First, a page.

Two Grocery Chains In South Korea Halt Sale Of U.S. Beef Citing Mad Cow Concerns

Refusing to sell American beef is one way to spread fear about mad cow disease, even after the USDA assured consumers not to worry about the one cow in California that was found to have bovine spongiform encephalopathy, and that’s exactly what two major South Korean grocery chains are doing.

The AFP says the two retailers announced they’ve suspended sales of U.S. beef after yesterday’s news of a single cow with the disease. Lotte Mart says it’s stopped sales at all of its 95 outlets.

“From today, we have suspended sales of all US beef, reflecting consumer concerns. We will take our next steps after watching government action,” a spokeswoman told AFP.

Home Plus, which is owned by Britain’s Tesco, is doing something similar.

The USDA stressed yesterday that there was no danger that meat from the one affected dairy cow would end up in the food chain. South Korea wouldn’t import any beef that would be connected with that single California cow.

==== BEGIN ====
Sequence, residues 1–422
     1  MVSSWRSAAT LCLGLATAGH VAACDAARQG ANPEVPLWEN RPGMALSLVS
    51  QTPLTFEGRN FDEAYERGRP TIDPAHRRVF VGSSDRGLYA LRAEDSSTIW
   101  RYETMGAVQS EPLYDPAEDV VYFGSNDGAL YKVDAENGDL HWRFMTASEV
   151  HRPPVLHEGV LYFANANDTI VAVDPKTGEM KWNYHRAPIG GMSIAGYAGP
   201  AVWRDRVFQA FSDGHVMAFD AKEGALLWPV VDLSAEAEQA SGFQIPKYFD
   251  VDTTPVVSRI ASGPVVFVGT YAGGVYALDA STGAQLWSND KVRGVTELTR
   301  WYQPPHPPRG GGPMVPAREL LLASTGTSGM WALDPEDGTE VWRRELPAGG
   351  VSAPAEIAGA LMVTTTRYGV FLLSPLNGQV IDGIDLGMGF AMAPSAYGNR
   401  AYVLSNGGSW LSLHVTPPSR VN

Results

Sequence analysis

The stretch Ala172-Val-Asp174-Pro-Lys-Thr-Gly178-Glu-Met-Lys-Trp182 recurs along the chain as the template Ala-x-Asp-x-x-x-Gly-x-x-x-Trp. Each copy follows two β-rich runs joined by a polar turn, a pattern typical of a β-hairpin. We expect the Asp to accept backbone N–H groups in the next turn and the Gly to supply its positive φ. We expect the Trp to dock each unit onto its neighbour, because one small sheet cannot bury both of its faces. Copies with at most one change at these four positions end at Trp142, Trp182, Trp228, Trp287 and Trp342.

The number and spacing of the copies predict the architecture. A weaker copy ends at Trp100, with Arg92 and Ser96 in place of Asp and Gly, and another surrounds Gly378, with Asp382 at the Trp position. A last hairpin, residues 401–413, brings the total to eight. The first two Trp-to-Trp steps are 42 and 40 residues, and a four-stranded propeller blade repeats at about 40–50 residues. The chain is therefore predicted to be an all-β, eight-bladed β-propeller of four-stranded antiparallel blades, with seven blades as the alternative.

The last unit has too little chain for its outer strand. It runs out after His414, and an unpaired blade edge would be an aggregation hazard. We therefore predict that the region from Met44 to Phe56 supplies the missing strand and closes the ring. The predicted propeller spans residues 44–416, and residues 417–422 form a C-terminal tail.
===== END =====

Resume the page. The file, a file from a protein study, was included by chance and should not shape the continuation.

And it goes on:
Mad Cow can be fatal to humans who eat an infected cow’s meat. As such, South Korea says it’s strengthening inspection imports and will take other steps once more details come out about the latest case. The country imports about 37% of America’s beef.

Elsewhere in Asia, the response is tepid — Japan isn’t making any policy changes and Taiwan’s authorities are undecided on whether to do anything. Singapore is already confident in its import requirements, calling them “sufficiently robust.”

Two S. Korea retailers halt US beef sales over mad cow [AFP]

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